The lace-making city of Vologda has long been known as an arts and crafts brand of Russia.
The popularity of tatted snow-white patterns from Vologda
spread far beyond the borders of Russia in the 19th century.
Often referred to as “the frozen colors of northern winter”,
Vologda lace does remind you of fancy patterns that form on windows on a frosty day.
All of the main images in chain Vologda lace are made using a dense,
uninterrupted, uniformly thick, smoothly winding thick lace (a braid or vilyushka, “fork bend”).
The main idea is that the line must be woven without interruption,
forming bends, and a large number of secondary threads complete the pattern.
Sometimes there are over 60 threads, each of which is wound onto a wooden rod (koklyushka, a bobbin).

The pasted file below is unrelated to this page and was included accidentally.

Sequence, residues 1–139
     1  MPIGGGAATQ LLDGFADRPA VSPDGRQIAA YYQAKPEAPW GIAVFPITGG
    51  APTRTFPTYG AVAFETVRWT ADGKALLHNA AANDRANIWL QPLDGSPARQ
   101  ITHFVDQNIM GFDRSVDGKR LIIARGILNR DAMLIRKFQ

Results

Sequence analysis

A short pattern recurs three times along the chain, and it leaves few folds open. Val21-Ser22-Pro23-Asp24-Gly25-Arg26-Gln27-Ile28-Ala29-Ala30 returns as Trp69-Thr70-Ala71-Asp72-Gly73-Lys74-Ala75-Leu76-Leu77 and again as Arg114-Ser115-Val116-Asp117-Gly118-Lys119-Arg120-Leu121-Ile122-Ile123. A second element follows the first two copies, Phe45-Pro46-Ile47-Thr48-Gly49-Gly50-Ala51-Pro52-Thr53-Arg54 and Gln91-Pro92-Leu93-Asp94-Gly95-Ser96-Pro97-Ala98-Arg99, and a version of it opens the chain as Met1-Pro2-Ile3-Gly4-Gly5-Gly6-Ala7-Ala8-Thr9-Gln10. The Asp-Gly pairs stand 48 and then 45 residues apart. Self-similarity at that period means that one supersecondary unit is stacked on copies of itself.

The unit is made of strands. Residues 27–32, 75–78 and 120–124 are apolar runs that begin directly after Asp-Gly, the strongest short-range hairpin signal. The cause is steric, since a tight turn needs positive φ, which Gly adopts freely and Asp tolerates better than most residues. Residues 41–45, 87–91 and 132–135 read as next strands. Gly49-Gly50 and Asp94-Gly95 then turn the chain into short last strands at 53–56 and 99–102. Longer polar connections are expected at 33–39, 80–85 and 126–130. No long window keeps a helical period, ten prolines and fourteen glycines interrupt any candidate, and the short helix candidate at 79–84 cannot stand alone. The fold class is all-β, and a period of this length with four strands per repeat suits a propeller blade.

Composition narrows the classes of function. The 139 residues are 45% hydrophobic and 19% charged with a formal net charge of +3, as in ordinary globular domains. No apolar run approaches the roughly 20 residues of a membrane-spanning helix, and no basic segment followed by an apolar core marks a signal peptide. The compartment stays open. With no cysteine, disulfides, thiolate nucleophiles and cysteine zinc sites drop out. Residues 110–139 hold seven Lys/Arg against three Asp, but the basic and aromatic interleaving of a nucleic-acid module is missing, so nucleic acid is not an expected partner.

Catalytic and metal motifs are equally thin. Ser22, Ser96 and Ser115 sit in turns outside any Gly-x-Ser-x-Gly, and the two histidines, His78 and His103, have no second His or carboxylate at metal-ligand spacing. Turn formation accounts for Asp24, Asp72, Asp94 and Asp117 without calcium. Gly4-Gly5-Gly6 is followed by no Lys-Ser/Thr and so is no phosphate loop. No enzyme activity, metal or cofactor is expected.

It might seem unwieldy to keep track of such a quantity of threads, since knitting uses only one thread and weavers only two.
Until the 1940s, tailored lace for trim on undergarments predominated,
while later individual items came to the fore:
strips, napkins, and decorative women’s clothing accessories (collars, ruffles, pelerines, scarves, ties, gloves and so on).
Vologda lace has kept its name to this day, which is why it maintains such a high price.